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Human land use influences chronic wasting disease prevalence in mule deer

January 1, 2005

Human alteration of landscapes can affect the distribution, abundance, and behavior of wildlife. We explored the effects of human land use on the prevalence of chronic wasting disease (CWD) in mule deer (Odocoileus hemionus) populations residing in north-central Colorado. We chose best approximating models estimating CWD prevalence in relation to differences in human land use, sex, and geographic location. Prevalence was higher in developed areas and among male deer, suggesting anthropogenic influences on the occurrence of disease. We also found a relatively high degree of variation in prevalence across the three study sites, suggesting that spatial patterns in disease may be influenced by other factors operating at a broader, landscape scale. Our results suggest that multiple factors, including changes in land use, differences in exposure risk between sexes, and landscape-scaled heterogeneity, are associated with CWD prevalence in north-central Colorado.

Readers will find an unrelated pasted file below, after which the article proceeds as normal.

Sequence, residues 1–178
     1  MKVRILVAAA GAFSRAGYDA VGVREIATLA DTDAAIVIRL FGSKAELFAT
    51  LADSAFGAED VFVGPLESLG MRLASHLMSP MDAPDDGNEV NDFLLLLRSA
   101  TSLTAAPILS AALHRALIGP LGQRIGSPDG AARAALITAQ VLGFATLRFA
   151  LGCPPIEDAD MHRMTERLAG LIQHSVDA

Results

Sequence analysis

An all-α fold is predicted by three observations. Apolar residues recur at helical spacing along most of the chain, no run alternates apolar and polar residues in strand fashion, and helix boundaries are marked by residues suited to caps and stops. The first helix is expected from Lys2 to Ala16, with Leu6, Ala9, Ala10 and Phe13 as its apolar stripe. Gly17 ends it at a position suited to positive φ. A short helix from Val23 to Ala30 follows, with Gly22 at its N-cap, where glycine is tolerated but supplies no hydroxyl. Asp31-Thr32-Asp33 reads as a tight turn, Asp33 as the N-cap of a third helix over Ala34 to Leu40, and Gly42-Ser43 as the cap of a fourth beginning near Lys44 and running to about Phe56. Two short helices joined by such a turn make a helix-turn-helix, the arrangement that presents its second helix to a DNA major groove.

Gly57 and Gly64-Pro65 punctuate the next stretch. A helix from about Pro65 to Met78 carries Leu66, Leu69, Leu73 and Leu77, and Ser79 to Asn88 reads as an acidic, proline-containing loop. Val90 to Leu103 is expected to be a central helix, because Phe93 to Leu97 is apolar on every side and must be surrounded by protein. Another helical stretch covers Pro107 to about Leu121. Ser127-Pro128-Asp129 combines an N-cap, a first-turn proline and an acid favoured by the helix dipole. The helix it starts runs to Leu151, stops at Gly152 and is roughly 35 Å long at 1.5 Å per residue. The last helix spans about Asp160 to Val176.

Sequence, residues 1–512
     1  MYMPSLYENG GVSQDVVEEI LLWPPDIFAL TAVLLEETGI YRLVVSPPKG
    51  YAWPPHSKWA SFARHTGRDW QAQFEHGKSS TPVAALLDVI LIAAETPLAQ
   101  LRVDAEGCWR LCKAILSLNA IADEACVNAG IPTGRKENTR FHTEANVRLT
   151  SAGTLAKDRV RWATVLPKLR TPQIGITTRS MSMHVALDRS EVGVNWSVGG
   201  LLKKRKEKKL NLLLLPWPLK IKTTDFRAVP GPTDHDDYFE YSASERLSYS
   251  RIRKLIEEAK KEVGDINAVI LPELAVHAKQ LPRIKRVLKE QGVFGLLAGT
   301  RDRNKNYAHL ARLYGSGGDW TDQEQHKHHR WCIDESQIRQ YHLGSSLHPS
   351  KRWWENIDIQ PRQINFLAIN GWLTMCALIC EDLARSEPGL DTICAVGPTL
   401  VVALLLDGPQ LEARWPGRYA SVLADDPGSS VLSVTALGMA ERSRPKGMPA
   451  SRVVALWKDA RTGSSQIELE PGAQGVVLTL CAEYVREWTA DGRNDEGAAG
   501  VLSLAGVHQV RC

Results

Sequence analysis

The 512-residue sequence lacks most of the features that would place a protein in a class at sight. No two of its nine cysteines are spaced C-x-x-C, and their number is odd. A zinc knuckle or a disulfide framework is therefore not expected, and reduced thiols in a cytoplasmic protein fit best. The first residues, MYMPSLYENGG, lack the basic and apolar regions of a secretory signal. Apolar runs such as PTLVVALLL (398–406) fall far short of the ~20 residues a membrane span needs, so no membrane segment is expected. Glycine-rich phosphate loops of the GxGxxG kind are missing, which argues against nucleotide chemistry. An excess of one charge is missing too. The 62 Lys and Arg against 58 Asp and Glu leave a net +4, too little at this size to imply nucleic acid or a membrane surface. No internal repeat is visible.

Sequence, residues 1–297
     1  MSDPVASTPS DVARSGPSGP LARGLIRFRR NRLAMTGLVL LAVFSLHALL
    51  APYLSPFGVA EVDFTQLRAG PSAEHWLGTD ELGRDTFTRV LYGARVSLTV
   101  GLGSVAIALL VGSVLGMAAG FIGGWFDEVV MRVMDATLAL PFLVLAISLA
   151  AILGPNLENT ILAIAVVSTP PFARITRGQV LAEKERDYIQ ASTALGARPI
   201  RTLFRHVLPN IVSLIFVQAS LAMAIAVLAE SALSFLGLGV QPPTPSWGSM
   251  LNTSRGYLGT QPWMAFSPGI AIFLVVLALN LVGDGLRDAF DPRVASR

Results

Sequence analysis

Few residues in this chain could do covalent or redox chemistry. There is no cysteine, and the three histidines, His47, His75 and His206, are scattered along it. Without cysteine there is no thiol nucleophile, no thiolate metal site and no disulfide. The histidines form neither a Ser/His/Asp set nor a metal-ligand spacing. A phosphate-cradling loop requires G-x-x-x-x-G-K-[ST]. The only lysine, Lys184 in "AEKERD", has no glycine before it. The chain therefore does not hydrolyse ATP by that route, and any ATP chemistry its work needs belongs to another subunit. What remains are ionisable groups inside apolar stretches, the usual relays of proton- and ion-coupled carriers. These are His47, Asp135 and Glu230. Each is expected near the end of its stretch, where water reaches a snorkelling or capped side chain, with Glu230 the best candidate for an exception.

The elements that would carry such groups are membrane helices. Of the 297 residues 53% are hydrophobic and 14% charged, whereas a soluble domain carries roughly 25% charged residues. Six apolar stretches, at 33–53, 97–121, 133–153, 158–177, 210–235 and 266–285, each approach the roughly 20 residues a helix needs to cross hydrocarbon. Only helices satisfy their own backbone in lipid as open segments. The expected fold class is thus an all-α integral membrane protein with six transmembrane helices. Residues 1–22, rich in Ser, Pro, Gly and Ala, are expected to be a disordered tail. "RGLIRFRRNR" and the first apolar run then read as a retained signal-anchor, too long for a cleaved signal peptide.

Citation Information

Publication Year 2005
Title Human land use influences chronic wasting disease prevalence in mule deer
DOI
Authors Matthew L. Farnsworth, L.L. Wolfe, N.T. Hobbs, K.P. Burnham, E.S. Williams, D.M. Theobald, M.M. Conner, M.W. Miller
Publication Type Article
Publication Subtype Journal Article
Series Title Ecological Applications
Series Number
Index ID 70029076
Record Source USGS Publications Warehouse
USGS Organization